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Harold Fallding wrote his first publishable poem at age 14 in Sydney, Australia. Seventy years later, the retired University of Waterloo professor began writing his final poem while propped up in a palliative care bed at St. Joseph's Health Centre in Guelph. The unfinished epic poem, titled Male and Female, was an attempt to solve a riddle the distinguished professor emeritus had struggled with all his life.

Hal, as he was known to friends left behind when he immigrated to Canada in the 1960s, had been a sensitive teenager with no athletic talent. He was clearly out of place in macho Australia.

In his 30s, Hal met Peggy Hardy, a brilliant scientist and vice-principal of Women's College at the University of Sydney. He thought she could somehow inspire him to be more masculine and he could draw out her femininity.

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What he never realized was that his tenuous hold on conventional masculinity is precisely what made Hal such a delightful husband, father and friend. Hal recognized the career of his wife, a biomedical science professor, was as important as his, and he helped his three daughters flower into confident young women who never considered there might be limits on what girls can do.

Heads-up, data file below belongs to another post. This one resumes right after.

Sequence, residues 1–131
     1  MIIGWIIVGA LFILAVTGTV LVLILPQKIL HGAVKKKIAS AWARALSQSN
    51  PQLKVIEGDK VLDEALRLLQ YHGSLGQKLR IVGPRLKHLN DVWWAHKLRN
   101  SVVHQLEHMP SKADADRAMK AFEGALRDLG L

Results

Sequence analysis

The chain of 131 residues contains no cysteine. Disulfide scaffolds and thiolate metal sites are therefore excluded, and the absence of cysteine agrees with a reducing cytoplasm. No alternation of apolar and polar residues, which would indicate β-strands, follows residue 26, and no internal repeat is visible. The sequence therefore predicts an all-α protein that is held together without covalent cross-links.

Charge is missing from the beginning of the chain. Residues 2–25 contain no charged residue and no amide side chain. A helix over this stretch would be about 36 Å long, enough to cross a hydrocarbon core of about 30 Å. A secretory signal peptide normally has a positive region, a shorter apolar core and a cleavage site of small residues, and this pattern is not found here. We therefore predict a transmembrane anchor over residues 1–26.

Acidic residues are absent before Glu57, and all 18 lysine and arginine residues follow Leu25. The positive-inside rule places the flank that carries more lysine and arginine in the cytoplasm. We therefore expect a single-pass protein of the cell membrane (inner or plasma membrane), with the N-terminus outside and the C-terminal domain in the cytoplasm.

In his poetry-writing youth, Hal forged deep friendships with other men outside the macho mould. One boyhood friend, now 84, travelled halfway around the world to play hymns on a piano keyboard in Hal's nursing home room a few weeks before his death.

At St. Joseph's, where Peggy also spent her final months before she died of Alzheimer's disease in 2004, a staff member swears she has never seen such a loving husband in more than 30 years on the job. Several health workers left his daughters notes saying he was the gentlest man they'd ever met.

The dying man's last poem goes on for several pages about the traditional joys of God-ordained heterosexual love and reproduction. Then, on a fresh page, the last written words of someone ready to leave this Earth wander off in an utterly different direction:

If we float to highest heights and/ downward sweep/ our piercing gaze, we see/ a strange transformation/ that sends bright clouds of alteration.

Clouds playing musical chairs/ her chair for me and mine for you/ till all the colour in our sets/ has changed to other colours too/ and the androgynous iridescence/ brushes in background,/ live like the northern lights.

A close friend of Hal's recently declared him "a great man." To those who knew him most intimately, he was more than that; he was a great human being.

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Helen Fallding is Harold's youngest daughter.

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